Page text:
DEADLINE EXTENDED: We Want You To Send an Experiment to Space. We'll Give You $1500 To Do It.

By Veronique Greenwood | June 21, 2012 3:44 pm

Imagine having your own personal satellite orbiting the Earth. It’s got cameras and sensors galore, and you can use it to run experiments, take pictures, and even beam messages back to the blue marble.

Well, that geek fantasy will become a reality if the ArduSat project, which you can see here on Kickstarter, reaches its funding goal. The general public will be able to rent time on this small satellite and use it for whatever they please, courtesy of its Arduino processor.

UPDATE, June 25: The ArduSat Kickstarter project has reached its target of $35,000. But we’d love to raise more money, which would help build a more capable satellite with better steering and better cameras and other sensors. $75,000 would be ideal, so donate and spread the word!

UPDATE, July 9: The deadline for the contest has been extended! Keep sending in entries until July 15.

We at Discover Magazine think this is pretty neat. And we’d like to give away a development kit worth $1500 to the Kickstarter donor who submits the best idea for an in-space experiment before July 6th, 2012.

The kit includes Arduinos and an advanced sensor suite shipped to your home address, as well as one week of up-time on the satellite to run any experiment. You’ll be able to build the experiment yourself and have it be sent up on ArduSat when it takes to the skies.

Here’s what you have to do to enter the (drumroll) Discover Space Challenge:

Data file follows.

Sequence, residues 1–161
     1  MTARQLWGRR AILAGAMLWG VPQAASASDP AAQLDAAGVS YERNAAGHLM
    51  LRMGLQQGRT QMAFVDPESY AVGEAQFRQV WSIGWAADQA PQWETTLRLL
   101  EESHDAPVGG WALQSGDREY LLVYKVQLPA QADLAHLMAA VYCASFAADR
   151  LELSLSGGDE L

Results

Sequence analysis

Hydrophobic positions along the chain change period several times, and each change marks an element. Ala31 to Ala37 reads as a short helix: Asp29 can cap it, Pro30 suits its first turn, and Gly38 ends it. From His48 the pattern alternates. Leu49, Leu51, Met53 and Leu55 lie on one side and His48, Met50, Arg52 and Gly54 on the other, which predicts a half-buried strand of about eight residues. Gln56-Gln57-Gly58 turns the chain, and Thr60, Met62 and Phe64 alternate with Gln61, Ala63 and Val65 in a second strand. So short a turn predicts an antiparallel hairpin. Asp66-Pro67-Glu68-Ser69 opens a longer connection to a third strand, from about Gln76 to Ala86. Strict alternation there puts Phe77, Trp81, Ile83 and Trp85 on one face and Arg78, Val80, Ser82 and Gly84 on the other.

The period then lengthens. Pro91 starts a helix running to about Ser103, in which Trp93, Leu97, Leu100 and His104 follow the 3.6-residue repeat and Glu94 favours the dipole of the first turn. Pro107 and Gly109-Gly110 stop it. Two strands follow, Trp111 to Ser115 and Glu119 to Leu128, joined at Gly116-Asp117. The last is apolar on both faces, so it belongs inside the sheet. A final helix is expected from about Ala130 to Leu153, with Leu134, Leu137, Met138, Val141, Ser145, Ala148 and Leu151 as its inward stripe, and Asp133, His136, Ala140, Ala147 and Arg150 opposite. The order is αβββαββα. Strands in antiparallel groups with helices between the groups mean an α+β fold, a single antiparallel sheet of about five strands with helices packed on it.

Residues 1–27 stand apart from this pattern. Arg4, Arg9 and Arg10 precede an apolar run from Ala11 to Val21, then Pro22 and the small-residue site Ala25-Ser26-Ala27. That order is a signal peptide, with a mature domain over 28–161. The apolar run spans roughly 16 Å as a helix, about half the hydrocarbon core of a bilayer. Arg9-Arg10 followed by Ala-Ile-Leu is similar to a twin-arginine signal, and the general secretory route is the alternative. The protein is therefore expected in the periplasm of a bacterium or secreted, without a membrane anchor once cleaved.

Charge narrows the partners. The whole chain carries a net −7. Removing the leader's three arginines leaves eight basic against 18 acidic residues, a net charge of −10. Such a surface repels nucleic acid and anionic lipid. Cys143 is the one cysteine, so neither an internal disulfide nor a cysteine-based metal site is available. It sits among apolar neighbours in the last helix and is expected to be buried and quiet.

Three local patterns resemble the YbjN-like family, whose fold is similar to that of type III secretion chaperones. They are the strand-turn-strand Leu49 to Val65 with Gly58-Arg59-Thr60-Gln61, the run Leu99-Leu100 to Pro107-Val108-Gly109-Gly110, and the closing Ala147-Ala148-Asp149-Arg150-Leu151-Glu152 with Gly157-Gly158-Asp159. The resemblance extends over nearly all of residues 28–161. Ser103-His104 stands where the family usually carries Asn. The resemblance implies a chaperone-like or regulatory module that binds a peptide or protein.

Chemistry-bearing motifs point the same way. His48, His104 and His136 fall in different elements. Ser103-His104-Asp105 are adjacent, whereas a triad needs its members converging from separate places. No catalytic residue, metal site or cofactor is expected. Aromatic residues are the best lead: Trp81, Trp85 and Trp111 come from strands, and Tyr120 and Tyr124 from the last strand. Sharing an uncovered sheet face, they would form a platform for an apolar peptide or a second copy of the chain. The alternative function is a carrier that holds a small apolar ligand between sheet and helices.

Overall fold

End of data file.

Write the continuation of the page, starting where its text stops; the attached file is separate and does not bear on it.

(1) Fund the ArduSat project, for however much or little as you desire. You’ll receive a personal code that identifies you as a donor.

(2) Read the contest guidelines here to learn about how you should design and submit your idea.

(3) Enter with this entry form, making sure to include your personal code.

(4) Wait for winners to be announced on July 20th, after judging by Discover blogger Phil Plait, Discover Editor-in-Chief Corey Powell, and an expert panel of judges.

(5) Rejoice!

CATEGORIZED UNDER: Space, Technology
  • Victoria Kostadinova

    This is so marvelous!!! Way to go ArduSat, Kickstarter, and Disover! And Good luck to all!

  • J Noland

    Can a tunable IR, visible, UV LASER be added for plasma experiments, to meet requirements (1) less than $2,500 (2) under 50 grams (3) Less than 400 mW power (4) 50 mm x 50 mm x20 mm volume. ? Would it be totally safe and not possible to damage the satellite? Thank you

  • http://www.ardusat.org Jeroen Cappaert

    Hi J,

    If we end up doing the 2U cube this is pretty doable I think, for the 1U possibly, depends on the actual specs of the laser e.g. internal heating, beam properties, peak power vs. average power etc. If you have a datasheet or specs send it to me and I’ll be glad to take a look at it. But if you think you have a cool experiment to propose with it I’d say go for it!

    Regards,
    Jeroen Cappaert
    ArduSat engineer
    info@nanosatisfi.com

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